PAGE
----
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Business Roundup

January 27, 2014 | A version of this story appeared in Volume 92, Issue 4

TRI-K Industries, part of India’s Galaxy Surfactants, has acquired Surfactants International, a New Jersey-based maker of surfactants and other ingredients for personal care, household, and industrial products. Galaxy acquired TRI-K, also in New Jersey, in 2009.

Solvay Specialty Polymers has invested an undisclosed amount in Aonix Advanced Materials and received a minority stake in the firm. Based in Ottawa, Ontario, Aonix supplies thermoplastic composite materials together with high-capacity molding machines. Aonix will use Solvay’s high-performance polymers in its system to compete against traditional epoxy-based composites.

Clean Energy Technology Co., a joint venture between BP and the Chinese government’s Chinese Academy of Sciences, has proposed building a natural-gas-based methanol plant in Kalama, Wash., that would supply raw material to olefins facilities in Dalian, China. The venture says the $1 billion facility would open in 2017.

BASF will invest about $10 million to expand and optimize a plant in Münster, Germany, that makes resins for paints, particularly those used in the auto industry. Work on the plant is due to be completed in 2016.

Borregaard, a Norwegian manufacturer of lignin and cellulose-based materials, will receive a $2 million grant from Innovation Norway to develop new products from biomass. The project will focus on specialty chemicals, binders, and butanol made from lignin, specialty cellulose, and sugar, respectively.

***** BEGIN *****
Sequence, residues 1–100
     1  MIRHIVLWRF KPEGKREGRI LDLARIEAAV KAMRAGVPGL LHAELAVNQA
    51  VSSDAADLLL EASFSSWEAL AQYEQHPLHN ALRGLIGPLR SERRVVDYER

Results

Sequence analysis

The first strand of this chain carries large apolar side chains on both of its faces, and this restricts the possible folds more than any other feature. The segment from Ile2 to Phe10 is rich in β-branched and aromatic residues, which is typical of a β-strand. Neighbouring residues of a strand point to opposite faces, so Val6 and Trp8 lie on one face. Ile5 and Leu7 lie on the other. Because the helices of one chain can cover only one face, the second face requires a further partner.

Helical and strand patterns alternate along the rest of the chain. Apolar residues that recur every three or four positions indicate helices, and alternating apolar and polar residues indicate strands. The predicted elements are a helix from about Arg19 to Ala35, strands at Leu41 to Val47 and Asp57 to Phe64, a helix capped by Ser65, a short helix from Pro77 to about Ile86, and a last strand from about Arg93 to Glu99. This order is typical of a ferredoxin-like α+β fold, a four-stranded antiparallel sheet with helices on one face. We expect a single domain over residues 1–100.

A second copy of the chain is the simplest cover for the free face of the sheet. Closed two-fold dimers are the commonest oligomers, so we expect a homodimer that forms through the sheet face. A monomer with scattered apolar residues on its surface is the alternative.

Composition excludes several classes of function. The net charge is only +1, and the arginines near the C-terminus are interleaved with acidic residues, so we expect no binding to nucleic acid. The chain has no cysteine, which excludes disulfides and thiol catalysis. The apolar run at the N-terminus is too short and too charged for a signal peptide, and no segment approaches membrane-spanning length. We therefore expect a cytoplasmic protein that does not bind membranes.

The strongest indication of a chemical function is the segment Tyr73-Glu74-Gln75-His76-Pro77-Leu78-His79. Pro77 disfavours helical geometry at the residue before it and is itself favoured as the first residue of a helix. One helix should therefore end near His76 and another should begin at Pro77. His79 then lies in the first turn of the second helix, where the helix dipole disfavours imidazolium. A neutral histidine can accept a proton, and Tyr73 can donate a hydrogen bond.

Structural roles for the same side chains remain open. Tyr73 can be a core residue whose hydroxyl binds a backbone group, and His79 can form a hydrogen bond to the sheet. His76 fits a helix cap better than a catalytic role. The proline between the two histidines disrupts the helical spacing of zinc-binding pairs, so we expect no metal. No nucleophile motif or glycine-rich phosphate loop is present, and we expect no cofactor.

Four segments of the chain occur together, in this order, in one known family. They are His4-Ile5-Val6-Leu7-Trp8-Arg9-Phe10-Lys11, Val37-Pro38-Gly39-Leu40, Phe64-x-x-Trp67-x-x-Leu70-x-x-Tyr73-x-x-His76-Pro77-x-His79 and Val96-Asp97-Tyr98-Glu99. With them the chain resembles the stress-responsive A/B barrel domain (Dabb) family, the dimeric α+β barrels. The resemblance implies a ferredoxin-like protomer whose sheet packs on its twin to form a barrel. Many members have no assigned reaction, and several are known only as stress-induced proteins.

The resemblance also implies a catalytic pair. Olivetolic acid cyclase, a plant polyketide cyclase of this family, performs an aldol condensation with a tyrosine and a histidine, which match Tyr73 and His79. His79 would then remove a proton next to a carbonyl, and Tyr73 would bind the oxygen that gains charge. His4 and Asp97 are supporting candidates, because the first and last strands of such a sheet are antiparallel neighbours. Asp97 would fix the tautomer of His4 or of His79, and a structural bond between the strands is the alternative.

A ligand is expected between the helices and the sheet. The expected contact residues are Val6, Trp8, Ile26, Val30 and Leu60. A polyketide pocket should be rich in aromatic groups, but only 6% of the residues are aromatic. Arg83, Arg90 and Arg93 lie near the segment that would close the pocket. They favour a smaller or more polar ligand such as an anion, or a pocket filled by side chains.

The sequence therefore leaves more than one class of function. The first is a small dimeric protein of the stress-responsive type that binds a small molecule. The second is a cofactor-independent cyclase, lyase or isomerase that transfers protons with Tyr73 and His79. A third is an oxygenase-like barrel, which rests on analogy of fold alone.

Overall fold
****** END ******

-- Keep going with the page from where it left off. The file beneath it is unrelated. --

Aurobindo Pharma, an Indian generic drugs producer, will pay $41 million for the commercial operations of Actavis, a generics rival, in seven European countries. Aurobindo says the acquisition will complement its existing sales infrastructure in Europe.

Global Bioenergies, a French biochemical firm, has formed a two-year collaboration with carmaker Audi to develop isooctane. Derived from isobutene made from renewable raw materials, isooctane is considered a drop-in replacement for gasoline.

BioMarin Pharmaceutical will purchase Repligen’s histone deacetylase inhibitor portfolio, a group of small molecules that could treat Friedreich’s ataxia and other neurological disorders. Repligen will get $2 million up front and potentially $160 million in future payments.



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